2012 08 29 hardware review xbox360 500

Even though DAGERS does not evaluate individual games from the standpoint of hardware, the hardware is definitely worth appraisal by itself. To that end, we are starting a series of reviews that will examine the accessibility of the industry’s top platforms.

 

There’s no doubt that Microsoft’s Xbox 360 is an extremely popular platform with an extensive online community and blockbuster exclusives like the Halo series. This platform is a force to be reckoned with. From the standpoint of accessibility, however, it has some issues, though it also does certain things incredibly well.

 

An auditory impairment should not affect the use of this hardware. All the menus and functions are explained in text. Furthermore, the sound within the operating system itself is purely an add-on.

 

Visual challenges might pose more of a problem however, since the in-game menus feature white text on a green background, which can be blurry depending upon whether or not the player is using an HDTV and what size the TV is. Even with this potential problem, the contrast in most of the menus is strong enough that a large portion of colorblind gamers will not have a problem with it. There is one aspect of this system, unfortunately, that lacks good contrast. That’s the controller. The buttons on the controller are color coded, and the X, Y, A, and B labels are the same color as the surrounding buttons. So if a gamer is not able to see the contrast between the symbol and the background, they may have trouble determining which button they need to push.

 

Players with fine motor challenges will have the hardest time of any disabled players using the Xbox 360. This is mainly due to buttons that are slightly smaller than those on competitor systems. As a result, there is a greater degree of accuracy needed with this platform than with others. In addition, these buttons also have raised centers, which means that a gamer whose hands shake might find their fingers slide off easily. The triggers and especially the shoulder buttons have the same problem: they are too narrow, and can either be hard to find with your fingers, or hard to keep a hold of. The final thing that a disabled player may struggle with when using an Xbox controller is the fact that its joysticks are not parallel. As a result, the gamer will have to use both hands to manipulate both sticks. If they cannot isolate their muscles, more involved maneuvers might be difficult.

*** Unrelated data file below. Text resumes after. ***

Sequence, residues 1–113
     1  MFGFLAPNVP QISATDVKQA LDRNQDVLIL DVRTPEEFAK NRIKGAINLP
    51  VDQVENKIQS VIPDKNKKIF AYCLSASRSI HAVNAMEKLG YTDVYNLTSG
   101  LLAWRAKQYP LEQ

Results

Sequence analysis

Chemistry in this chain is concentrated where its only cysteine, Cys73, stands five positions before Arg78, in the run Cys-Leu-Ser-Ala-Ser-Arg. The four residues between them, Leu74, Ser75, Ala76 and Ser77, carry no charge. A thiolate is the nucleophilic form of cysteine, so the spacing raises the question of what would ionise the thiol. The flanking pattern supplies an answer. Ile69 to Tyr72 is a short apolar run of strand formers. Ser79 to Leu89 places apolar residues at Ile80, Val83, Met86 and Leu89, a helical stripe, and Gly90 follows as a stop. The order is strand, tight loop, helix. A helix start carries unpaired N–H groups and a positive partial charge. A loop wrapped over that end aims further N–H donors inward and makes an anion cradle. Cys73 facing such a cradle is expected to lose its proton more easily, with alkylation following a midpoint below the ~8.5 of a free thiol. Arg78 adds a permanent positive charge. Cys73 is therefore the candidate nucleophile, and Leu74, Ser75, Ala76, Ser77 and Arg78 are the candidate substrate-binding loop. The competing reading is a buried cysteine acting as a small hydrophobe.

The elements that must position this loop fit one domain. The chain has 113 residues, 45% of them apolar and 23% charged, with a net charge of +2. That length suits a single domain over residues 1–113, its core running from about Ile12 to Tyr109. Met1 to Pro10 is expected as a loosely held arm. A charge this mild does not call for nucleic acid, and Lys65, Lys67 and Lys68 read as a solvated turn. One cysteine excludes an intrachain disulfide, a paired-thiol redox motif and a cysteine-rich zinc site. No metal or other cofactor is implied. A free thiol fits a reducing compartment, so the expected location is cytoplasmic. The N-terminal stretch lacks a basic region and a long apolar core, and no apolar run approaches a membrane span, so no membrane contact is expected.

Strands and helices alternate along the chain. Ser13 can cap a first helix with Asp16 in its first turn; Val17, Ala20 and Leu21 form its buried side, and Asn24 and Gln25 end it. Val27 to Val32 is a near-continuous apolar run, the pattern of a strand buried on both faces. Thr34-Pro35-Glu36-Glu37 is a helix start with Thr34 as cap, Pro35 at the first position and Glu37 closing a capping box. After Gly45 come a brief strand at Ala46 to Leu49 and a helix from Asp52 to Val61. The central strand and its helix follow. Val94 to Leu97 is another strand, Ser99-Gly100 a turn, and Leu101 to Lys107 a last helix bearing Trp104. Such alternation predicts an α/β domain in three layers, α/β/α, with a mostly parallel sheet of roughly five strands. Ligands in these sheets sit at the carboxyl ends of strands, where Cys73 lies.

Even though the Xbox’s physical controller has some accessibility issues, this controller does a couple of things very, very well. First of all, the console menu button is nice and big, and located in the middle of the controller. This means that it does not require much accuracy to pause a game without looking to see where you fingers are landing. Similarly, the directional pad is a single, floating button, which means that instead of having to jump between distinct buttons, a player can change directions simply by shifting the pressure on the pad. Another thing that Microsoft gets right with their controller is the fact that it sits level rather than sloping forwards. As a result, if a player is playing the Xbox on a flat surface like a table or a lap tray, they will never run the risk of accidentally pressing the trigger buttons if they press down on the controller. However, when players do need to use the triggers, it is nice that the triggers are slightly curved, which helps prevent gamers’ fingers from slipping off.

 

While it is fair to say that there are a few issues with the physical accessibility of the Xbox 360, there is nothing major that would bar the enjoyment of the system, and it should be considered as a top contender when trying to decide which system is right for you.

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